The Federal Reserve’s Inspector General said chairman Jerome Powell and former vice chairman Richard Clarida’s trading activity had not broken any laws or rules, but the probe into the former heads of the Dallas and Boston regional Fed banks remained open.
“We did not find evidence to substantiate the allegations that former vice chairman Clarida or you violated laws, rules, regulations, or policies related to trading activities as investigated by our office,” Inspector General Mark Bialek said in a letter to Powell dated July 11 and published on Thursday (Friday AEST). “The investigation of senior Reserve Bank officials is ongoing.”
The Fed imposed sweeping restrictions this year on officials’ investing and trading following an embarrassing ethics scandal, which prompted allegations of corruption and demands from US lawmakers for change.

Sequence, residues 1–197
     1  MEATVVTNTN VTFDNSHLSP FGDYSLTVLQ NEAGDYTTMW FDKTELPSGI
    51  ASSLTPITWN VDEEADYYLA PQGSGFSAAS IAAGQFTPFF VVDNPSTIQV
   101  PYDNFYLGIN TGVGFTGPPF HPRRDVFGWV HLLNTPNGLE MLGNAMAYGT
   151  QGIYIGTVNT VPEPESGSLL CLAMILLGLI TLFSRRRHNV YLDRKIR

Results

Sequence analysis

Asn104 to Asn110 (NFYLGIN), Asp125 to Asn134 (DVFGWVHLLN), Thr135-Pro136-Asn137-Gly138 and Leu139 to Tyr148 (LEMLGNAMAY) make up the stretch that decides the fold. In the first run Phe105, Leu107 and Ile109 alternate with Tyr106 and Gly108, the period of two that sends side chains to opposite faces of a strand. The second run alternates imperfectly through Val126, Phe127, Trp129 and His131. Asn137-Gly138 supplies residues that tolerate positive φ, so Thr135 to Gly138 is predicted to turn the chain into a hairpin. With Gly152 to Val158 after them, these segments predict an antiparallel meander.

The IG said a financial advisor to a Powell family trust made five trades during a Fed blackout period — following a request by Powell’s wife to make funds available for charitable donations during December — and the trust advisor “subsequently acknowledged that executing the trades during the blackout period was an ‘oversight’ on the team’s part”.
“We found no evidence that you or your spouse had contemporaneous knowledge that the five transactions were executed during the blackout period,” Bialek said. “As such, we found that you did not violate the FOMC trading blackout rule,” he added, referring to the policy-setting Federal Open Market Committee.
The IG also said that Clarida failed to report several trades in his 2019 and 2020 financial disclosures. Clarida told the IG that in responding to its inquiries, he discovered that he had inadvertently omitted one trade from his 2019 disclosure form and three trades from his 2020 form.
Clarida’s 2020 disclosures showed he sold at least $US1 million of shares in a US stock fund in February 2020 before buying a similar amount of the same fund a few days later, on the eve of a major Fed announcement that signalled its readiness to buffer the economy from the coronavirus. Clarida stepped down January 14 ahead of the expiration of his term as a governor on January 31.
A spokesman for Clarida said the move was pre-planned.